And so each subsequent oxygen has an easier time binding. We call that cooperativity. Has the word, almost like cooperation in it. And an easy way to think of cooperativity, the way I think of it, is that if you're at a dinner party, you are much more likely to sit where two or three of your friends are already sitting, if you think of this as a table with four chairs, rather than just sitting at a table by yourself being the first one to sit there. So we kind of like sitting with our friends and oxygen is kind of a friendly molecule.
And so it also likes to sit where or bind where other oxygens have already bound. What are the two, then, major ways, based on this diagram, how I've drawn it. What are the two major ways that oxygen is going to be transported in the blood? One is hemoglobin binding oxygen. And we call that HbO2. Just Hb for hemoglobin, O2 for oxygen. And this molecule, or this enzyme, then, is not really called hemoglobin anymore. Technically, it's called oxyhemoglobin.
Hemoglobin and Functions of Iron | Patient Education | UCSF Medical Center
That's the name for it. And another way that you can actually transport oxygen around is, that some of this oxygen-- I actually underlined it there-- is dissolved, O2 is dissolved in plasma. So some of the oxygen actually just gets dissolved right into the plasma. And that's how it gets moved around. Now, the majority, the vast majority of it is actually going to be moved through binding to hemoglobin.
So just a little bit is dissolved in the plasma. The majority is bound to hemoglobin. So this red blood cell goes off to do its delivery. Let's say, it's delivering some oxygen out here. And there is a tissue cell.
And, of course, it doesn't know where it's going to go that day. But it's going to go wherever its blood flow takes it. So let's say, it takes a pass over to this thigh cell in your, let's say, upper thigh. So this thigh cell has been making CO2.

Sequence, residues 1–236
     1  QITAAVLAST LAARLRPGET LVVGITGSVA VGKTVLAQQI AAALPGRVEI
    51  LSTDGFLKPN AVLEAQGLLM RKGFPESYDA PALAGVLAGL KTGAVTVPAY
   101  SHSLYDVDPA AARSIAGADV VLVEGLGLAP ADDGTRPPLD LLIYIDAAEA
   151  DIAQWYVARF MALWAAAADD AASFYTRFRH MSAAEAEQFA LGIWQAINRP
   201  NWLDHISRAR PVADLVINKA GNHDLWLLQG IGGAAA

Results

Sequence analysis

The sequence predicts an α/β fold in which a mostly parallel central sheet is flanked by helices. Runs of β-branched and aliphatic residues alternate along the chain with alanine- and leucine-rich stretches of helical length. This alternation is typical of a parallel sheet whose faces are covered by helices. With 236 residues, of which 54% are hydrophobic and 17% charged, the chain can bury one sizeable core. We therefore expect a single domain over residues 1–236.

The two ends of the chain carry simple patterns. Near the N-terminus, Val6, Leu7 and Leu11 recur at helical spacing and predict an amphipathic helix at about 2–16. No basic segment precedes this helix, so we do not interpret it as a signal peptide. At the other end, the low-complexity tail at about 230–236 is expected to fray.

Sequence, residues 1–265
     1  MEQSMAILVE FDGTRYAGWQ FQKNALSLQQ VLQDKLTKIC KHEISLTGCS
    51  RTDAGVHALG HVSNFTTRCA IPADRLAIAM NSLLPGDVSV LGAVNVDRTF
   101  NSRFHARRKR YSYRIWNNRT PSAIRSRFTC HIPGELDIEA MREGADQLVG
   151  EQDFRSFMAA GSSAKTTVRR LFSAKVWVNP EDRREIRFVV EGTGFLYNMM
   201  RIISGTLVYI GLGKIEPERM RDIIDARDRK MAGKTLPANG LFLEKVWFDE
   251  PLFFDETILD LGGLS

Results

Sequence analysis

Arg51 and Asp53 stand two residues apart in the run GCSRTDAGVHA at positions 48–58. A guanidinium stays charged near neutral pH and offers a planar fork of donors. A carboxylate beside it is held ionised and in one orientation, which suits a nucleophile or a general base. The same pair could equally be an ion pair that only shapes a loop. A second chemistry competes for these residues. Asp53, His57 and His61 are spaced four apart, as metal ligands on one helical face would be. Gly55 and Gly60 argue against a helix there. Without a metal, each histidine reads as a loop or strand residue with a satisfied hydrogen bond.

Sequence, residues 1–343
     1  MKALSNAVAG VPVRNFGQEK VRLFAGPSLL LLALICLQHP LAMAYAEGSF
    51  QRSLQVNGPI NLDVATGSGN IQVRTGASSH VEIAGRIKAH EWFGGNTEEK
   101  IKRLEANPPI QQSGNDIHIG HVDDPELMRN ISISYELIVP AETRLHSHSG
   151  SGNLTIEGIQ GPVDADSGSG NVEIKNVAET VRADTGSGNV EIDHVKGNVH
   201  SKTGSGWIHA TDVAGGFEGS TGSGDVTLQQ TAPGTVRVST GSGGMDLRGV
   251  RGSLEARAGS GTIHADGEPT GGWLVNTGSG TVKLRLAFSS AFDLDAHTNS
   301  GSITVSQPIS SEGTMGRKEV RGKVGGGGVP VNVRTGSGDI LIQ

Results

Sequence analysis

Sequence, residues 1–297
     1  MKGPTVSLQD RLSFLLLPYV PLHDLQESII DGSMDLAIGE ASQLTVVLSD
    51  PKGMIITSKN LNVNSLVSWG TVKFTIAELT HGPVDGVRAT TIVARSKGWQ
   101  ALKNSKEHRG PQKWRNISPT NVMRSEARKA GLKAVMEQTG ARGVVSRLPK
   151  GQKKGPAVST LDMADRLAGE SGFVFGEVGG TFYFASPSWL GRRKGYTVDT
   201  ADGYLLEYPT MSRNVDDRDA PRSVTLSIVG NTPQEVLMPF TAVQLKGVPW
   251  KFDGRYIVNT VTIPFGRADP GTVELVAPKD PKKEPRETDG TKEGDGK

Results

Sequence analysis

And remember, sometimes we think of CO2 as being made only when the muscle has been working. But you could be napping. You could be doing whatever. And this CO2 is still being made because cellular respiration is always happening.
So this red blood cell has moved into the capillary right by this thigh cell. So you've got a situation like this where now some of the CO2 is going to diffuse into the red blood cell like that. And what happens once it gets down there?
So let me draw out, now, a large version of the red blood cell. Just so you get a closer view of what's going on. And we're in the thigh and the two big conditions in the thigh that we have to keep in mind. One is that you have a high amount of CO2 or partial pressure of CO2. And this is dissolved in the blood. And the other is that you have a low amount of oxygen, not too much oxygen in those tissues.
So let's focus on that second point. If there's not too much oxygen in the tissues, and we know that the hemoglobin is kind of constantly bumping into oxygen molecules and binding them.
And they fall off and new ones bind. So it's kind of a dynamic process. Now, when there's not too much oxygen around, these oxygen molecules are going to fall off as they always do in a dynamic situation. Except new ones are not going to bind. Because there's so little oxygen around in the area, that less and less oxygen is free and is available to bump into hemoglobin and bind to it.
So you're going to literally start getting some oxygen that falls off the hemoglobin simply because the partial pressure of oxygen is low. So one reason for oxygen to come into the cells is going to be a low pO2. So these are reasons-- and I'm going to give you another one, that's why I'm writing reasons-- for O2 delivery.
So one of them is going to be simply not having too much oxygen in that area.
A second reason has to do with CO2 itself. So let's actually follow what happens once CO2 starts getting into the red blood cell.
Now, this first CO2 molecule, it's going to meet up with a little water. Remember, there's a lot of water in the red blood cell.
Hemoglobin moves O2 and CO2 (video) | Khan Academy
In fact, there's water all over the blood. In fact, it's made of mostly water. And so it's not too hard to imagine that a water molecule might bump into this CO2. And there's an enzyme called carbonic anhydrase. Now, if it's an acid, try to keep in mind what acids do. Acids are going to kick off a proton.